Washington
12
www.stateparks.com
'Northern Lights' © stateparks.com
Aurora Borealis - Thursday March 8th
upload your photos

USA Parks
Washington
The Palouse Region
Fields Spring State Park
FIELDS SPRING STATE PARK
FIELDS SPRING STATE PARK
992 Park Road
Anatone, Washington   99401
Fields Spring State Park is a 792-acre forested camping park remotely located in the Blue Mountains of Southeastern Washington. A portion of the park sits at a height of 4,500 feet atop Puffer Butte and offers a spectacular view of three states and the Grande Ronde River. This forested park is located in the Blue Mountains with a high elevation of 4,500 feet on top of Puffer Butte. It offers spectacular views of three states and the Grande Ronde River. Spring and summer wildflower displays attract visitors, as do winter sport opportunities.

Park hours/updates:

Summer: 6:30 a.m. to dusk.Winter: 8 a.m. to dusk.

The park is open year round for camping and day use. A Sno-Park permit is needed from Nov. 15 through April 30.

Camping:Check-in time, 2:30 p.m.Check-out time, 1 p.m.Quiet hours: 10 p.m. to 6:30 a.m.
Nature of the Area
Wildlife Mammals Birds Fish & Sea Life. Badgers. Bears. Bobcats. Chipmunks. Coyotes. Deer or Elk. Rabbits. Sheep. Skunks. Squirrels. Weasels.Chukars. Crows or Ravens. Doves or Pigeons. Eagles. Grouse. Hawks. Hummingbirds. Jays. Ospreys. Owls. Pheasants. Quail. Turkeys. Woodpeckers. Wrens

Environmental Features Physical Features Plant Life

4500-foot-high Puffer Butte is of volcanic origin. As a result of the massive Grande Ronde volcanic flows, basalt is the dominant rock in the vicinity.. Douglas Fir. Ponderosa Pine. Spruce. Yew. Alder. Maple. Foxglove. Lupines. Orchids. Paintbrush. Rose. Berries
History of the Area
This volcanically originated park was named after Mr. Fields, an early settler who developed a spring used by himself and neighboring settlers. The park is set along one of the Nez Perce Indian seasonal migration routes.

Puffer Butte was named for Mr. and Mrs. Puffer, homesteaders who every morning climbed the neighboring Peterson Butte to watch for Indians passing in the canyon below. If Indians were spotted, the Puffers moved their livestock to the top of Puffer Butte and left them there until the Indians passed through.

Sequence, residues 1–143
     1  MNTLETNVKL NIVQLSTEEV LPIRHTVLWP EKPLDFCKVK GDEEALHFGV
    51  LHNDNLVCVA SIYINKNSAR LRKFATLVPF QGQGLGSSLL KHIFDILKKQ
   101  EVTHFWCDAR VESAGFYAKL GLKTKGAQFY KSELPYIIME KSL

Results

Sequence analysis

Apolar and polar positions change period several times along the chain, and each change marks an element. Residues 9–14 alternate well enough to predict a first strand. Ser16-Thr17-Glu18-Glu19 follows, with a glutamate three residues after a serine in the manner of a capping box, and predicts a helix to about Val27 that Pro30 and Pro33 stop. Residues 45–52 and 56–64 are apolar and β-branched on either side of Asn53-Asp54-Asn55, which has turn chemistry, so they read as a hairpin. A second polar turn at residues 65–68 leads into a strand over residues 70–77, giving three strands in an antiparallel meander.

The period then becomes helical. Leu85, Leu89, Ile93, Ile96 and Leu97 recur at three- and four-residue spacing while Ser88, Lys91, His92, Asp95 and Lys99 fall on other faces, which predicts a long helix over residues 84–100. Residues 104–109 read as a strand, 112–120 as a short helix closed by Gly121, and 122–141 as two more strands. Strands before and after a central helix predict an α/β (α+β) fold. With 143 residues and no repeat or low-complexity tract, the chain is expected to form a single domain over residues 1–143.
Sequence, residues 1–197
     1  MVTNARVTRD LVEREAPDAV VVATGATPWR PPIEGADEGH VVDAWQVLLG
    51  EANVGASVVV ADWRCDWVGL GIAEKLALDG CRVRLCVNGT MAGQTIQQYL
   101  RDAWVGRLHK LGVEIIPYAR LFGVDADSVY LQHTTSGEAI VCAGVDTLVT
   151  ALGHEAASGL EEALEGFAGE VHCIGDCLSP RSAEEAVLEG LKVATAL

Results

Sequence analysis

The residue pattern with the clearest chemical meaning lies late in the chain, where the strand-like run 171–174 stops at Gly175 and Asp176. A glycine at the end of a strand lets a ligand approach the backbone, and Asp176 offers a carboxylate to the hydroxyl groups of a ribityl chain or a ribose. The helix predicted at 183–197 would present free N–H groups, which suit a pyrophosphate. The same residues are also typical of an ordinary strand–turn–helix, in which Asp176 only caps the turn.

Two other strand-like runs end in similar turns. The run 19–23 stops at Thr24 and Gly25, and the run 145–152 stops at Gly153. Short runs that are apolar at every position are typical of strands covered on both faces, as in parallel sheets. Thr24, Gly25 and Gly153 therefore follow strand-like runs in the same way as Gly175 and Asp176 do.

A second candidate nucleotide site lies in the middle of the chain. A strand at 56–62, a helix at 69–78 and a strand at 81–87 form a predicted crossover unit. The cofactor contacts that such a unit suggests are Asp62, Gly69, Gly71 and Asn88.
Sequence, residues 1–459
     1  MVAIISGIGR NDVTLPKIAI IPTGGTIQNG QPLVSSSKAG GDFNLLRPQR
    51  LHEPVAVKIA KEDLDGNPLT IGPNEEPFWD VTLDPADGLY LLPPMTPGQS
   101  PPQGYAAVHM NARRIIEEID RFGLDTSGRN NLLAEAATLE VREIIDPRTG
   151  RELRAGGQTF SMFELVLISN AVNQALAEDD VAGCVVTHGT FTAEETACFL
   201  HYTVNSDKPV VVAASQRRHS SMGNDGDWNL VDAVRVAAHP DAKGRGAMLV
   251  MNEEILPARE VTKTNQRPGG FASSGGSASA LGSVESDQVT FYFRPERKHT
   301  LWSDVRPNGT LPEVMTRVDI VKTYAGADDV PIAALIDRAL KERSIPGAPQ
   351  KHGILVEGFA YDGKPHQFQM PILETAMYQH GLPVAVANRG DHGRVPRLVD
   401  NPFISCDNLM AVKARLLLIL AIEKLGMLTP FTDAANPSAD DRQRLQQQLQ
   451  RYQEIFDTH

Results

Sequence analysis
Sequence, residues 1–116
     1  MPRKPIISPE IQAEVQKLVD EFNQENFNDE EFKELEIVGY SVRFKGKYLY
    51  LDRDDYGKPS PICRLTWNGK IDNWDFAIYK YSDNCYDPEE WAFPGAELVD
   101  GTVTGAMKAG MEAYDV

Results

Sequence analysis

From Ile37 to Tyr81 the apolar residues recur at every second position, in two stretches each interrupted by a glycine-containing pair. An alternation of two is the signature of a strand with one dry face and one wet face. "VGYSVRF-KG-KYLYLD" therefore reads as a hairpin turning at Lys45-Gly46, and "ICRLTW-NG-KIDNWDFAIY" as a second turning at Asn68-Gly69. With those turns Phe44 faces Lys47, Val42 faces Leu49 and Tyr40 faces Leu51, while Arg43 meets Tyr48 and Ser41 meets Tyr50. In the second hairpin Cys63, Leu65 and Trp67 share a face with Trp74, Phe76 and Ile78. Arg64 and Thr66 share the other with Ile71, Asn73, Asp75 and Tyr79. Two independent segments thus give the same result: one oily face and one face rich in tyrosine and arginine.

In 1974, 70 percent of the park's Douglas fir and white fir were damaged by a Tussock Moth infestation and had to be removed.
Camping
The park has 20 tent spaces, all of which are suitable for tents or RVs. The park also provides one dump station, two restrooms (one ADA) and two showers. One kitchen shelter, with electricity, and a wood stove, is in the campground vicinity. All campsites are first-come, first-served. Maximum site length is 30 feet (may have limited availability).

Group Accommodations:Two teepees (each sleeps eight) may be reserved per night per teepee. To reserve, call the park office at (509) 256-3332.

More about park hours Check-in time is 2:30 p.m., and check-out time is 1 p.m.Quiet hours are from 10 p.m. to 6:30 a.m.Engine-driven electric generators may be operated only between the hours of 8 a.m. and 9 p.m.Length of stay: You may stay up to ten consecutive days in any one park during the summer; the stay limit is extended to 20 days between Oct. 1 and March 31.


Get directions
to this park:

by Town and state
OR
by zip code

Nearby Parks


Picnicking
The park offers two kitchen shelters with electricity, and 35 unsheltered picnic tables, all available first come, first served.
Area Attractions
Activities Trails Water Activities Other. 3 mi. Hiking Trails. 7 mi. Bike Trails. Bird Watching. 2 Fire Circles. 3 Horseshoe pits. Mountain Biking. 1 Softball Field. 2 Volleyball Fields. Wildlife Viewing



The park is a popular site for berry collecting.

Winter Recreation

. Cross-country Skiing. Snowshoeing. Snow Play
Visitor Comments, Memories and Reviews
September 27 Perfect for families, and gatherings by Montana gal
This campground was perfect for our family camping trip. The bathrooms were well kept, the camp sites were clean. The host and staff were very helpful. And the view from the trail was stunning!
June 24 Favorite place in WA! by BearNWolf
Went in May and absolutely stunning with the green from recent rains and all the wildflowers blooming. Very, very clean and well kept campground. Only 4 other campers on a Friday night the weekend before Memorial Day. Highly recommend to others!
May 25 Nice
Very nice and clean. Very quiet. No cell service with ATT. Have a lot of short trials and a long trail that leads out to Puffer Butte. It has an overnight lodge.
September 6 Lots of wild flowers by Steve Baran
A great time to visit/camp at this park is in May or June - lots of wildflowers! Facilities are some of the best. We try to visit Fields Spring SP every year.
April 20 Too quiet to sleep. by Sun Catcher
Volunteered there more than 2100 hours over a 10-year period. The stunning quiet and beauty of the area should be experienced by all. Wonderful trails and wildlife - lots of turkeys.
July 9 Awsome by Nat
what a beautiful place. It is a year round park,
June 14 anatone seven by norsknailpounder44@hotmail.com
1978 was the first time at the park, many memories there , great views. Natural highs ! Todd


Share Your
Fields Spring State Park
Photos
(click here)
Weather Forecast, (99401)

Directions
Located in the Blue Mountains on the southeastern tip of the state, 30 miles south of Clarkston, Wash.

From Clarkston: Take SR 129 south for 30 miles. Park is four miles south of Anatone. Turn left into main park entrance.

USA Parks
Washington
The Palouse Region
Fields Spring State Park
© 2014 StateParks.com